As one of America's all-time favorite sports cars, it's no surprise that you can show up to just about any drag race in the country and see pristine examples of all generations of the Chevy Camaro. This weekend's Chevrolet Performance LSX Shootout at the NMCA World Street Finals was no different. From insane, restored 1st Gens to amazingly modified 5th Gens, and everything in between – the Camaro love on display in the Hoosier State waspatently evident.
That said, we wouldn't be telling the truth if we didn't let you know about one Sapphire Blue 2010 Chevrolet Camaro SS, in particular, that had us doing triple-takes as we made our way through the pits at Lucas Oil Raceway.
We walked towards the trailer and we're quickly introduced to the owner of this bodacious, blue, bowtie-adorned monster, Bill Trovato - .
For those who aren't hardcore drag racing fans, trust us when we tell you, Bill's name is one of legend. Veteran Rochester, New York street racer, dragstrip champion, engine builder and author – his knowledge and skill in the sport are revered.
To avoid the sonic interference of generators and tuning sessions all around us, Mr. Trovato obliged us and invited us aboard his RV. We discussed a variety of topics: his history in the sport, why he chose to make the switch from his famous, old school Starfire to his eye-catching, pavement-pummeling 5th Gen, and why he only wanted people who were extremely passionate about his new LS-based project to participate in its creation. And the following is what he hadto tell us…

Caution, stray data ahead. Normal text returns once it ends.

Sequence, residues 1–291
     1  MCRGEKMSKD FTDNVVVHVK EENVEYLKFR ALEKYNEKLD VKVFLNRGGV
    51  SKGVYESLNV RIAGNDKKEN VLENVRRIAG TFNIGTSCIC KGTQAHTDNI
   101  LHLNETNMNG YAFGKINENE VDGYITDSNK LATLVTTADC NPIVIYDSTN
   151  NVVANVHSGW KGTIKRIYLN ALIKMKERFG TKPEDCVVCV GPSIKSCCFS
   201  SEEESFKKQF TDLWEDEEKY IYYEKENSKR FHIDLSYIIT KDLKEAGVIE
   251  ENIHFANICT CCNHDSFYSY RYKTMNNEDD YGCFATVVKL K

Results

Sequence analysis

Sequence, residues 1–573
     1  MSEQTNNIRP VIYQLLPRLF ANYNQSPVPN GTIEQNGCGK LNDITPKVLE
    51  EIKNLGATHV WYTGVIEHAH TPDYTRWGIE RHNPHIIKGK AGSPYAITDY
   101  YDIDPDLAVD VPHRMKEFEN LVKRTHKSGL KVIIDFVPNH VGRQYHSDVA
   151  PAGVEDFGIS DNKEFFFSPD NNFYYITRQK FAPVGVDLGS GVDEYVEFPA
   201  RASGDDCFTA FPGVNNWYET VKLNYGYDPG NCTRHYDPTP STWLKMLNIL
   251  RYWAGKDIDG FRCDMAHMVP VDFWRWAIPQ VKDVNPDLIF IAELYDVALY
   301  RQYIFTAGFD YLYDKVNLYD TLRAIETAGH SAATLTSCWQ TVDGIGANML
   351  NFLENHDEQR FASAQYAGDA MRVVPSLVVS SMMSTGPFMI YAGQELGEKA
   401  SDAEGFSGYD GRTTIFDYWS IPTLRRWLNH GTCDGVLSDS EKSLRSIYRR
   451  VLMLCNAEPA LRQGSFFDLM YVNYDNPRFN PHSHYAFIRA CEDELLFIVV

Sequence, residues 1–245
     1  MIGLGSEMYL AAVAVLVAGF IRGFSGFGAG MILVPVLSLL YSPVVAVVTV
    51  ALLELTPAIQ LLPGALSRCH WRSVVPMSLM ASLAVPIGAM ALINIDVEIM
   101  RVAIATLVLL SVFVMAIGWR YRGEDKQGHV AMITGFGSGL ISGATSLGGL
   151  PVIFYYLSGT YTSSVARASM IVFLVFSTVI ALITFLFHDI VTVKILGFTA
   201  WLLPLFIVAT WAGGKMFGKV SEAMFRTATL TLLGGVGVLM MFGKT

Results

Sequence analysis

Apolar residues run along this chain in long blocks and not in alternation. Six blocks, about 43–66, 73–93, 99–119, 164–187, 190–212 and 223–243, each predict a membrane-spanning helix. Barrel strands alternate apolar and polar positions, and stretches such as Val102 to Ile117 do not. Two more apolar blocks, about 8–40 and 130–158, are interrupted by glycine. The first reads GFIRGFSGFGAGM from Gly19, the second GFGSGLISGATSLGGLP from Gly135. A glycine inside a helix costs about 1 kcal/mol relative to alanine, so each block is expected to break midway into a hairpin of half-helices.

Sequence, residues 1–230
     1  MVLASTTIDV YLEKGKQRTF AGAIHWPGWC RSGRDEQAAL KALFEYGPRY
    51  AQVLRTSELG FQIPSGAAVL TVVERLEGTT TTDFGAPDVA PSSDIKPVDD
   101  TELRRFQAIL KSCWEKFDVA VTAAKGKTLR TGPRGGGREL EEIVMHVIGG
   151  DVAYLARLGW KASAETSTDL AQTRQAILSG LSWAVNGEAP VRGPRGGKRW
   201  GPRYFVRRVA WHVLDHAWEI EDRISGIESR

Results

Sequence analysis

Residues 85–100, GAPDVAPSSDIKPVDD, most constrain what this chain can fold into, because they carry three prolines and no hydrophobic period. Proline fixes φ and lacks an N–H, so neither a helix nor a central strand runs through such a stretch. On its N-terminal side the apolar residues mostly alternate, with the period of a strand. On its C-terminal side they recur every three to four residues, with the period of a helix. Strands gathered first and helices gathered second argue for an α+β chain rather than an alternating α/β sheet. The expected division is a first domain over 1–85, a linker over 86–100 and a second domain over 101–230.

The BLOCK - So, tell us a little bit about yourself and how you got into the racing game?
Bill Trovato - Well, I grew up in the late 80s, racing in Rochester, New York. And then around 1996, I found the NMCA, and I went to my first race in Memphis and said, "You know what, I think I want to do this." So, that's how I made my way into the NMCA.
I had a Cutlass that I used to race on the street, and then around 1997, I started racing in a class called EZ Street. But, I quickly figured out that racing a 3,900 lb. Cutlass probably wasn't the way to do it. So, since I was already running Oldsmobile stuff, I built this old, 1978 Starfire, just because it was a light car. And, just about that time, the NMCA hired me on as a technical official. This was around 1997-2001. So, in 2001 I began to race the car, and my Oldsmobile was really competitive for a few years. But as Oldsmobile began to die off it became time to move on.
The BLOCK - Did you already have an idea of what you wanted to transition into?
Bill Trovato - I thought, “What kind of race car do I want to build?” And I really grew fond of the new Camaros. So in 2010 I purchased a body-in-white from Scoggin-Dickey and started the project.
A local guy named Patrick Budd had built a lot of successful chassis in his day, so I asked him if he’d like to be a part of the project. His team said they really wanted to do it, and they were very excited. That was the kind of reaction I was looking for, if they’d just treated it like another job I’d have had to find somebody else, but they were very excited and passionate about the project. That’s why the car looks the way it does.
Patrick designed the car while Nick Carlton and Chris Panny did the fabrication. The passion this team had for this project really shows in the car.